Oksana Shevluga kisses her daughter, Anastasia, as they reunite after nearly five months. Photograph: Lynsey Addario/The New York Times
Jubilant Ukrainians rolled into Kherson by train on Saturday for the first time in more than eight months as residents of the newly liberated southern city greeted them on the platform with flowers and national flags.
“I can’t even put my feelings into words,” said Hryhorii Vyrtosa, a 67-year-old construction worker, shortly after stepping off the overnight route from the capital, Kyiv.
Ukrainian forces liberated Kherson from Russian occupation on November 11th in what amounted to another large battlefield setback for Moscow. It had been the only regional capital captured by Russian forces since the February 24th invasion.
Saturday’s journey marked the first time Vyrtosa, a native of Kherson region with Moldovan roots, was able to return after escaping the Russian-occupied city of Skadovsk in April.
Upon arriving, a beaming Vyrtosa fulfilled his pledge to shout “Glory to Ukraine” upon arrival. He then tightly hugged his son, who he had not seen in eight months.
Hundreds of residents of the city, which is without electricity, running water or central heating, cheered as they welcomed the train.
“It’s a symbol of freedom. It’s happiness,” said Maria Matsenko (66) who was holding a Ukrainian flag while waiting on the platform with her friend.
The train, which was brightly painted by various Ukrainian artists and featured slogans such as “People of Steel”, departed Kyiv late on Friday following a celebratory event at the main railway station.
The event included a performance by Ukrainian rock singer Oleh Skrypka, with passengers in the crowd, including Ukrainian soldiers, singing along.
Tickets to Kherson first went on sale weeks before its liberation as part of a “Train to Victory” initiative between Ukrainian Railways and president Volodymyr Zelenskiy’s United24 fundraising initiative.
The southeastern city of Mariupol, which was heavily damaged earlier this year and is still occupied by Russian forces, is among the other destinations.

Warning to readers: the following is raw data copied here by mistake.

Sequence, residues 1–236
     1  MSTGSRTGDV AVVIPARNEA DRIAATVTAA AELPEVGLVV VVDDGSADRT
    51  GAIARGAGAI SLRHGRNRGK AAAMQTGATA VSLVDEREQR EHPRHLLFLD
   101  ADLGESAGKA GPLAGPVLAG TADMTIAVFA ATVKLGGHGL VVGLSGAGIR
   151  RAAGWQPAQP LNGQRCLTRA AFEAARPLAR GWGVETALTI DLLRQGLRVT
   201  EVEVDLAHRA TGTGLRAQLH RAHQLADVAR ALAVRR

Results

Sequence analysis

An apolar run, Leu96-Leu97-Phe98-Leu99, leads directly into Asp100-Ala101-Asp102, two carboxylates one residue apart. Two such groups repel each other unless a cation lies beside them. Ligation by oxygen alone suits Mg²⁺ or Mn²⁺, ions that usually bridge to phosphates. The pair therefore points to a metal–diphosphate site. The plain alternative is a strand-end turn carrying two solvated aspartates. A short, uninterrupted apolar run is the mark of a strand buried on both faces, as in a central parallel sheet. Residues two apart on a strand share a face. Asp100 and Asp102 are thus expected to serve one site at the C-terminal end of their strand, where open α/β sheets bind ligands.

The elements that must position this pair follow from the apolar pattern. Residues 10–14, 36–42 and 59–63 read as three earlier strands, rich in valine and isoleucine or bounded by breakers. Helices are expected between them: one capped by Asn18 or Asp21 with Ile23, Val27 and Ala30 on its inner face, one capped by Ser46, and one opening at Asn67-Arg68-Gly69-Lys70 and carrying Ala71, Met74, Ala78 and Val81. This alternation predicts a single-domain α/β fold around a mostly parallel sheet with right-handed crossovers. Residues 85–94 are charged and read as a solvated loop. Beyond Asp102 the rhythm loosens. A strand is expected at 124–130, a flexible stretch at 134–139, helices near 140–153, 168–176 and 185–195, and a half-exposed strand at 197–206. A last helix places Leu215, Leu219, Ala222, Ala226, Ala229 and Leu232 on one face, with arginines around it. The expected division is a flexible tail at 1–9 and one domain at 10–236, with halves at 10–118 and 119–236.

Meanwhile, a funeral has been held for one of two Polish men killed in a missile explosion near the border with Ukraine – deaths western officials said appear to have been caused by a Ukrainian air defence missile which went astray.
White roses were placed on the wooden coffin of Boguslaw Wos.
A family member carried a black-and-white photograph of him, while another man carried a crucifix bearing his name.
Polish state news agency PAP described Mr Wos as a 62-year-old warehouse manager.
Mr Wos and another man died on Tuesday in Przewodow, a small farming community some four miles from the border with Ukraine as that country was defending itself against a barrage of Russian missiles directed at its power infrastructure.
Officials from Poland, Nato and the United States say they think Russia is to blame for the deaths no matter what because a Ukrainian missile would not have misfired had the country not been forced to defend itself against Russian attacks.
A Polish investigation to determine the source of the missile and the circumstances of the explosion was launched with support from the US.
Ukrainian investigators joined the inquiry on Friday.
Mr Wos’s funeral took place in a village church and he was to be buried in the local cemetery, PAP said.
The funeral had elements of a state funeral with a military honour guard and Polish officials and Ukrainian representatives joining the man’s family and members of the community.
Ukraine’s consul general in the nearby city of Lublin placed a wreath in the colours of Ukraine, PAP reported.
The funeral and burial were held in private, with the Wos family requesting no media access.
The other victim is to be buried on Sunday. – Associated Press